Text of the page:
“Why was my app offline for nine hours?”
When AppDynamics CEO David Wadhwani was greeted with that question from a U.K. bank CEO during his first week on the job, his team wasn’t stumped long. They found the problem, caused by bad software code, in 40 seconds.
“Every CEO stresses out about that moment,” says Wadhwani, recalling his conversation from nine months ago. There’s good reason to worry: data suggests companies sacrifice $1.25 billion to $2.5 billion in revenue annually because of unplanned outages for their web sites, mobile apps, and other customer-facing systems.
That bank is now among the 1,800 companies—including Kraft (krft), Expedia (expe), JetBlue (jblu), and Nike (nke)—that use AppDynamics software to monitor the performance of the software behind everything from e-commerce sites to customer service centers. (It was actually starting the process of installing AppDynamics when its lengthy, embarrassing outage occurred.)
“In general, the first objective is to make sure that something doesn’t happen,” Wadhwani tells Fortune. “If it does happen, the objective is to minimize the downtime and the impact.”
The former Adobe executive was hired last fall to take the San Francisco-based company public. Shortly thereafter, it raised $159 million in a “growth” round—bringing its total to more than $330 million and boosting its valuation to a reported $1.9 billion. In late June, several news reports suggested AppDynamics had hired Goldman Sachs (gs) and Morgan Stanley (ms) as lead underwriters for an offering this fall.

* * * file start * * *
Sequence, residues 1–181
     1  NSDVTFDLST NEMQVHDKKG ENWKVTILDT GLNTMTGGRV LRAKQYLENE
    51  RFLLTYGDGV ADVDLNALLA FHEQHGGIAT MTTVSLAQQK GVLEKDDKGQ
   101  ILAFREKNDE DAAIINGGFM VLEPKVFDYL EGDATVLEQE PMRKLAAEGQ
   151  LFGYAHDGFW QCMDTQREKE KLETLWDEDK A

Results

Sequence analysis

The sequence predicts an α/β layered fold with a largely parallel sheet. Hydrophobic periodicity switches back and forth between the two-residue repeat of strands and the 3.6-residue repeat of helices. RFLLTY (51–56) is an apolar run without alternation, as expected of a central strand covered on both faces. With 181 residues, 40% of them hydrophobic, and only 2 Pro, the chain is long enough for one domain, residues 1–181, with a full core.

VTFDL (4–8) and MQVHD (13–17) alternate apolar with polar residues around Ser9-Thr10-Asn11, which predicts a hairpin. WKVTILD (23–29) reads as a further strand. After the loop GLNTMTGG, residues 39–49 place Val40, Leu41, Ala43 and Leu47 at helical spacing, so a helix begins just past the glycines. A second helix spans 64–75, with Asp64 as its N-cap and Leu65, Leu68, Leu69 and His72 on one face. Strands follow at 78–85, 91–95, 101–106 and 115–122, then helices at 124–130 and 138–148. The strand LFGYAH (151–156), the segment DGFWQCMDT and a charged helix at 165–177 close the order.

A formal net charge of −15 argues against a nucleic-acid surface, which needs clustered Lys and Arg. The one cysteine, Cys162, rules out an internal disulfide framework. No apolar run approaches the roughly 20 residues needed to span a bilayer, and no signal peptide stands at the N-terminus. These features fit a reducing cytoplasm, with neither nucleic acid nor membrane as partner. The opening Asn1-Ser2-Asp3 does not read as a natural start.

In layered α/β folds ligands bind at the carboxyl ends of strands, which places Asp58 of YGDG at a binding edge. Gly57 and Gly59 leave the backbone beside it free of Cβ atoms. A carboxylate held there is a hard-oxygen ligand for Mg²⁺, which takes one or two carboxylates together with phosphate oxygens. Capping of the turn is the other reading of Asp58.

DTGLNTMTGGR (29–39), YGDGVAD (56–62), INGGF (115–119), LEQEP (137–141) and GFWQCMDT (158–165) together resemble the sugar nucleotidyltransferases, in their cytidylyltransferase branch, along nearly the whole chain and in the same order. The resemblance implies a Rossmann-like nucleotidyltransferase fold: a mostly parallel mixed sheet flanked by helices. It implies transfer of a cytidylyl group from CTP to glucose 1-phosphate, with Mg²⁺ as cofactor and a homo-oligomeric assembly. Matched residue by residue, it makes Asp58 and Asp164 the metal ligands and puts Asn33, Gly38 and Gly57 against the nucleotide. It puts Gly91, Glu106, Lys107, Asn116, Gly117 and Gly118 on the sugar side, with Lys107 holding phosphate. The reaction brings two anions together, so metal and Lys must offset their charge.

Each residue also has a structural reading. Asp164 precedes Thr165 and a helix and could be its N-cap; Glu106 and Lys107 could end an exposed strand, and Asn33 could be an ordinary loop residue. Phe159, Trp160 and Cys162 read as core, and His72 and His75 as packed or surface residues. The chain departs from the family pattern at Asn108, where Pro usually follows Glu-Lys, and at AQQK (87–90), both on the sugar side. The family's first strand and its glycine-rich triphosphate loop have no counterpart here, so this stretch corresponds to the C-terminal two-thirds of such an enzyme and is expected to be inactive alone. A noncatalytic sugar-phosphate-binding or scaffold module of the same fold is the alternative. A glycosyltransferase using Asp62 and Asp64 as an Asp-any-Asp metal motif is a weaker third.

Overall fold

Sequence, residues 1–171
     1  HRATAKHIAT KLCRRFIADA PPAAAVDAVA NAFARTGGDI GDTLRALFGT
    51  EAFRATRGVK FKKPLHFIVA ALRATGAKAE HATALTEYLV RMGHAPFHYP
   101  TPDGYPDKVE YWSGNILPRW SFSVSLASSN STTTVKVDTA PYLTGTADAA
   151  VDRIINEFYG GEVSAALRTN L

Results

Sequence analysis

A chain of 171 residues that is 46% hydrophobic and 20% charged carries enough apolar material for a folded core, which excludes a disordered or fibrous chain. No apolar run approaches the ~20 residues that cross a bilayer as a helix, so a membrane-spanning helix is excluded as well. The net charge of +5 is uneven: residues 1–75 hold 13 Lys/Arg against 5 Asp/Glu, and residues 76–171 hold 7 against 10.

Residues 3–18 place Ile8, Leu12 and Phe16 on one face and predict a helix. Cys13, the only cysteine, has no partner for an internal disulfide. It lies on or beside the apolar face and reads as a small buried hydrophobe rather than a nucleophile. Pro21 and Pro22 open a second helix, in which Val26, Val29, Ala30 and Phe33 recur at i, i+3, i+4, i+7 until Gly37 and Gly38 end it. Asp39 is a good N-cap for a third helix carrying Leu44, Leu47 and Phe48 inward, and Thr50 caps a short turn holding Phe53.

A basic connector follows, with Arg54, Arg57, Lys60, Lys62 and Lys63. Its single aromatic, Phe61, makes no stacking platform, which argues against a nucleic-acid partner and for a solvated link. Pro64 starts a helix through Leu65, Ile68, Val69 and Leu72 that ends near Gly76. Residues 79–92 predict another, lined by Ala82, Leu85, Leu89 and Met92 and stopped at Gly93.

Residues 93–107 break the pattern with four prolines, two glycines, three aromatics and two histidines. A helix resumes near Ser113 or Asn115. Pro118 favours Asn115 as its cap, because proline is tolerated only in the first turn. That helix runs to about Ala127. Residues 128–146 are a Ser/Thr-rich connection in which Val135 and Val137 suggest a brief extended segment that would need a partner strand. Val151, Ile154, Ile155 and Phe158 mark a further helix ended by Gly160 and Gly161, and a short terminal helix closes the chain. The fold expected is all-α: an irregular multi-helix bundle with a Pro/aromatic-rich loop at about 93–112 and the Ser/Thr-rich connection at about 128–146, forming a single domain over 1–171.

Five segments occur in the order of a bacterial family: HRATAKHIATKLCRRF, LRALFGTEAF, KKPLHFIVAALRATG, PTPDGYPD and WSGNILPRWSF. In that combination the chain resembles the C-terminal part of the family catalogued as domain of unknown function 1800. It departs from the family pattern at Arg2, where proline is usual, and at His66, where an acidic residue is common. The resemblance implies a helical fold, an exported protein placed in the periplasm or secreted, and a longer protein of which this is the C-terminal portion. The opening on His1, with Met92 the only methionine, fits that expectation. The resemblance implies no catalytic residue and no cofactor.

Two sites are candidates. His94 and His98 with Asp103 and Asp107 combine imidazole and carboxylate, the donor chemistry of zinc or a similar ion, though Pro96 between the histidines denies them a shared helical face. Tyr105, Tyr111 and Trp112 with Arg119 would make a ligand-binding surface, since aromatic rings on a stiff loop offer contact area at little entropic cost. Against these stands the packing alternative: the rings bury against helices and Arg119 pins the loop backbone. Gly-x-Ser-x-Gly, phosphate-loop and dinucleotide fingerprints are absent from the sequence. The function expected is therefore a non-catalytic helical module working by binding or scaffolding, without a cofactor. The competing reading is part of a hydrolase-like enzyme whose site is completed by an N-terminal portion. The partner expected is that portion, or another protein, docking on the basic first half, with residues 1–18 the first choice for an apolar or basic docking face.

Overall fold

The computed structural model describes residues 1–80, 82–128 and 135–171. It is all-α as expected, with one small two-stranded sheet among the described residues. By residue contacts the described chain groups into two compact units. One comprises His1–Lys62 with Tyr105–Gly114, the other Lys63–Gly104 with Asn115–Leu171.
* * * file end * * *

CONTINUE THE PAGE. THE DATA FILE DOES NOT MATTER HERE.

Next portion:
Wadhwani won’t comment on that—other than to say he runs the company as if it were already public and is focusing on self-funded growth.
“I’m thrilled with the progress we have made,” he replies. “And I feel like we’re very close to being able to operate under a public microscope. The big question for us is picking the window and the timing.”
AppDynamics’s growth aligns closely with a sea change in how applications and services are written and updated. Fewer companies are releasing bloated, monolithic apps that take months or even years to revise. Instead, they are breaking them up into individual components or “microservices” that handle specific processes. For example, a bank might create one authentication system for creating accounts or for verifying a person’s identity that is used across all of its systems and apps. “It’s no longer about the big release, it’s about the 1,000 steps,” Wadhwani remarks.
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In theory, this lets organizations update software more quickly. The downside is that a company’s chief information officer might not have a centralized view into all of these different projects. If an app falls down on the job, it’s tough to pinpoint the cause.
That’s where AppDynamics’ performance management software comes in. It allows an IT organization to monitor the code associated with specific business processes. If something deviates from the norm, the appropriate managers are alerted—ideally, before there’s a full-blown failure or outage.
Among other things, AppDynamics customers are using its software to validate cloud migration projects and to prioritize certain application updates, Wadhwani says. Its dashboard was designed to serve a mission for marketers: to keep tabs on consumers who might have been affected when an app is slow or unavailable. That, in theory, allows companies to direct apologies personally.
AppDynamics’s competition includes New Relic (newr), which went public in December 2014, easily justifying its billion-dollar private valuation. (New Relic claims 13,000 business customers including Airbnb and Major League Baseball.) Several high-profile business software companies also sell performance management technology, including CA Technologies (ca) and Dynatrace (formerly Compuware).